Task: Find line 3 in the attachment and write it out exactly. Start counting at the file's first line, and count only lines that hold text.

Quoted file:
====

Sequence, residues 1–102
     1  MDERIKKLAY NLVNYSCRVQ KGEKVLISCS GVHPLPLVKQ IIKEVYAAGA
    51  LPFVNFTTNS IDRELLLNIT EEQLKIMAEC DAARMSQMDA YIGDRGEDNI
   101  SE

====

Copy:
    51  LPFVNFTTNS IDRELLLNIT EEQLKIMAEC DAARMSQMDA YIGDRGEDNI